I found these walls behind some plaster can you help

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I am curious as how to restore these walls this is a room that was remodeled and I tore it apart seeing the beautiful wood behind them what should I do to restore them?
Thank you
q i found these walls behind some plaster can you help, diy, how to, woodworking projects
q i found these walls behind some plaster can you help, diy, how to, woodworking projects
  12 answers
  • Depending upon the style you like would depend on what you do. You can simply clean them and leave them be, or sand and finish them with stain or whitewash for tint of color. My only concern is at this point is the plaster that you removed and that may still be on the boards and around the room. It may contain asbestos and could be an issue. While its to late to do anything about spreading it around now, all you can do is to assume the worst and finish the project assuming it was. This means using a lot of clean fresh water and washing everything down carefully to remove any dust traces that may still be lingering. Be sure if you have not already to wear a mask and ideally a protective suite that you can discard once your done. Or some old clothes that you will simply discard once finished. Do not wash them throw them out. Its always fun to find something that is out of the ordinary when walls come down. Some times its pleasurable, sometimes a nightmare. Looks like you found something nice!
  • Swan Road Designs Swan Road Designs on Nov 06, 2014
    It appears that you have what is known as "lath and plaster" construction, which was used before plasterboard (sheetrock) and until about 1950 in the U.S. Lath and plaster was constructed by tacking (nailing) the thin narrow "laths" of wood, then filling the gap between the wooden strips with plaster. Similar to how grouting is done. In most cases, there is no insulation behind this type of wall construction. That is partially because insulation wasn't part of a builder's techniques as it wasn't known to be as effective in controlling the inside climate of a structure as understand it to be today, along with the understanding that most lath and plaster construction was used on interior walls. The wall on the right side of your first photo is more than likely an outside wall. Your home probably dates to way before 1950 judging by what the photos shows. As for restoring it, check with a reputable builder who is familiar with plastering and get their advice. I have a feeling you will be advised to cover it up with sheetrock.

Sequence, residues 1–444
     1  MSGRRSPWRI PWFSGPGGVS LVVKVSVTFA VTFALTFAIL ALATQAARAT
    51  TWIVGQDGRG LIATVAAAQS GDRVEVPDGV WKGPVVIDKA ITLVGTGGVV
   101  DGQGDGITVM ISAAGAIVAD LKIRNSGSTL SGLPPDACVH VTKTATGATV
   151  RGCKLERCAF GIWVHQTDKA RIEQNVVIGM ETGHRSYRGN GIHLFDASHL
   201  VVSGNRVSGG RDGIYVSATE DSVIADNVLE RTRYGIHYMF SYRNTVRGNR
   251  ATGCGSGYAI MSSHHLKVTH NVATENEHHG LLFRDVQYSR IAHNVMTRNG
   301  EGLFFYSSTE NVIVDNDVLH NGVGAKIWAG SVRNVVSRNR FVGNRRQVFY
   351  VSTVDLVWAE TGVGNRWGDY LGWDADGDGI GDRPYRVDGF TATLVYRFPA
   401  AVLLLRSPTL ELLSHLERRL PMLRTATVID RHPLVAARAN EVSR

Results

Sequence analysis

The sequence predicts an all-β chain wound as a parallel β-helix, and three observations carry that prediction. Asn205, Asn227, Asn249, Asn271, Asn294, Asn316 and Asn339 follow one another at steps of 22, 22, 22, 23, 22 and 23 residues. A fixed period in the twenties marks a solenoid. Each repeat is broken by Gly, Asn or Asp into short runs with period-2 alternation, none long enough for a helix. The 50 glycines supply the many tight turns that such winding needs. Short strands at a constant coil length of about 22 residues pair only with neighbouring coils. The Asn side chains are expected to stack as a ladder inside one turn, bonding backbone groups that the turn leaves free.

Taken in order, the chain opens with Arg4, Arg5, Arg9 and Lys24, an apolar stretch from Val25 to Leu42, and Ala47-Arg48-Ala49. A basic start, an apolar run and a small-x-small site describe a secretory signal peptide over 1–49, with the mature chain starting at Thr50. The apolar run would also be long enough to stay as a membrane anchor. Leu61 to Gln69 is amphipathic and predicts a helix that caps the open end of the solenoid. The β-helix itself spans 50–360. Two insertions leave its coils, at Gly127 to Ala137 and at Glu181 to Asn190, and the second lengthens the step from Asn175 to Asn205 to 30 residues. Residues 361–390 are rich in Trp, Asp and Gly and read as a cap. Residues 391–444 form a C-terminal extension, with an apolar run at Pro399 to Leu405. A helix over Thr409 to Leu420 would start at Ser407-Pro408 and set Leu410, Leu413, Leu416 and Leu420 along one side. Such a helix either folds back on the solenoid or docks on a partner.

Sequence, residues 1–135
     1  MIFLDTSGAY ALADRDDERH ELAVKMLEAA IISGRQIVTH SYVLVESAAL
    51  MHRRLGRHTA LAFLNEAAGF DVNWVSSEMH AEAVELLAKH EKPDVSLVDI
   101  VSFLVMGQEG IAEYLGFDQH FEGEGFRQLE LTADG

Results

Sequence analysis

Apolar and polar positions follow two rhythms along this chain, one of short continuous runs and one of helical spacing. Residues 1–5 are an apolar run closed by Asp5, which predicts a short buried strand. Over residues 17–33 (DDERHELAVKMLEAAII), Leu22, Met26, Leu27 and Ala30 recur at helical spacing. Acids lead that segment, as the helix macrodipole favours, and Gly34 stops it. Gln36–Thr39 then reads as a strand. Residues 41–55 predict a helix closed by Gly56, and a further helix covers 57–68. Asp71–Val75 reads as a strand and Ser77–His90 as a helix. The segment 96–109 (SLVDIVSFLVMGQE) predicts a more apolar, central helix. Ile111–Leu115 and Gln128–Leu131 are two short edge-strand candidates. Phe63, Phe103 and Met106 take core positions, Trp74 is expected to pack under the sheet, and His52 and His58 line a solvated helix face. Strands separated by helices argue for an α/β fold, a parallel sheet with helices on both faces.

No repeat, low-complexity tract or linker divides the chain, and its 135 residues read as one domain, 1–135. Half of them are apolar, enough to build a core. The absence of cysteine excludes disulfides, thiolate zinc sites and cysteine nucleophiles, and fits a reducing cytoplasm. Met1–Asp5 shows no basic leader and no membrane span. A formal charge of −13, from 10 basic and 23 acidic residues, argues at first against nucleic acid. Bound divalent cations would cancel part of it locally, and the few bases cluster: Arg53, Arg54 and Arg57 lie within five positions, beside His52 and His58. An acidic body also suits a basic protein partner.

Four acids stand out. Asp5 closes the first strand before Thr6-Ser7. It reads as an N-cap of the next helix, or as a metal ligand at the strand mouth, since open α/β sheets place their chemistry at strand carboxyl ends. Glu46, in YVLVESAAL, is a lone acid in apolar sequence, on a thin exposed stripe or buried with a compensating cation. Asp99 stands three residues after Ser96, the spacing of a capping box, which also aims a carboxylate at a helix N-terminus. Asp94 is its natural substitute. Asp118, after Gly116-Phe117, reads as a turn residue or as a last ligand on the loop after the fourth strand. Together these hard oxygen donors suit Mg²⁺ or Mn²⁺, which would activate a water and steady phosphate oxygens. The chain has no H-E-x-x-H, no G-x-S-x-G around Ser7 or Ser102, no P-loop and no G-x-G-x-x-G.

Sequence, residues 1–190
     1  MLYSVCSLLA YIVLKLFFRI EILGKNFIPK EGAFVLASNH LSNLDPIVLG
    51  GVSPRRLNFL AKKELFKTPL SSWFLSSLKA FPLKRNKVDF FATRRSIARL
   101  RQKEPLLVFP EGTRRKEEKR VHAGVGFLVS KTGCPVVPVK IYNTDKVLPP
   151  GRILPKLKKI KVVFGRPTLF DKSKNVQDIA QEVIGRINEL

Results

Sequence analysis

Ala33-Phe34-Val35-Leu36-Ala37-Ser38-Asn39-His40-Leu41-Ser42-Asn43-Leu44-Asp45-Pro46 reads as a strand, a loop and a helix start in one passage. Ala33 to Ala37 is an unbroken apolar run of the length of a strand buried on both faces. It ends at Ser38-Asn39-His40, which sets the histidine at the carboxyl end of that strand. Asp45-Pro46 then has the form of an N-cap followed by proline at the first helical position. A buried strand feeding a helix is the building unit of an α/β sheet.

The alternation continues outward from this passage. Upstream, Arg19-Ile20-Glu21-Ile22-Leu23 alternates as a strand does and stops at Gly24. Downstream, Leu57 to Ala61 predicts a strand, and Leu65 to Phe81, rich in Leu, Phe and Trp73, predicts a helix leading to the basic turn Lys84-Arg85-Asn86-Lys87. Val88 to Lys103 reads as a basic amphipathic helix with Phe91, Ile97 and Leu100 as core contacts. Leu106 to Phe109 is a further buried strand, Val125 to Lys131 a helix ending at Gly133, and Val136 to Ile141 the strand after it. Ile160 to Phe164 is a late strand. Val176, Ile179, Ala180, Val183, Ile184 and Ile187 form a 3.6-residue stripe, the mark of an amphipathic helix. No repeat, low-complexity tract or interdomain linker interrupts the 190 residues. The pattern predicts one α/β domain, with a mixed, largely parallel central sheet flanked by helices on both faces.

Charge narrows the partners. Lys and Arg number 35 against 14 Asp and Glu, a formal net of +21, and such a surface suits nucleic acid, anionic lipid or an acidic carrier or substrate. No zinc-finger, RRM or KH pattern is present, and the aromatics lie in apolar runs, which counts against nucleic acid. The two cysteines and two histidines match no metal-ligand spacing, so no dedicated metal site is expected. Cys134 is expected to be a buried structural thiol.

• Ikbe Ikbe on Nov 07, 2014
    It looks like the wood may be what is called ship lap. The wood was recycled for use in some places where we wouldn't see it. I'm thinking that the look is more rustic or shabby chic, so I would try a light color pickling wash.
  • Brenna Morgan Brenna Morgan on Nov 07, 2014
    I would paint them a creamy white. What a wonderful find!
  • Terri Terri on Nov 07, 2014
    Great find! I agree with Woodbridge; it all depends on your style. I recently was given two wooden crates on which I used Minwax pastels. These are oil-based stains that allow the grain of the wood to show through a rustic pastel color. Easy to apply and quick drying, but you need to open windows for awhile! Will post photos of finished crates asap. Good luck!
  • Robin Springer Robin Springer on Nov 07, 2014
    I have a wooden wall between my kitchen and laundry room that was probably part of the old summer kitchen. I decided to leave it. I am going to sand it and then put some kind of treatment( I haven't made up my mind yet) and then seal it with some poly, just for easier cleaning. I love it.
  • Marion Nesbitt Marion Nesbitt on Nov 07, 2014
    Neat. I'd decide on what style for the area, then make it a kind of feature wall.
  • Christy Sudderth Christy Sudderth on Nov 07, 2014
    I agree with the creamy white. If you look at Pottery Barn catalog almost all the walls are wooden instead of sheetrock.
  • Linda Linda on Nov 09, 2014
    I agree wit tip top house, I would wash the boards carefully, and then finish with a wax base stain.
  • Krista Krista on Nov 09, 2014
    My Bro-in-law just redid a wall like this in his house - he sanded them down (I think he said it took almost 16 hours of sanding) and then just a clear coat or two of poly-acrylic to protect it.
  • Cynthia H Cynthia H on Jan 01, 2015
    We have an old "plank" house with wood behind the old plaster and lath. It's usually too rough and has too many gaps to use as found, but, your planks look really nice. Be safe and watch for the huge splinters you can get from old wood. If you like painted wood, it would look great in a creamy color.
  • Pauline Pauline on Sep 18, 2016
    Looks like ship lap. Look up the show fixer upper on hgtv. They do a lot with ship lap. They have so many ideas I'm sure you can get a lot of information from them.
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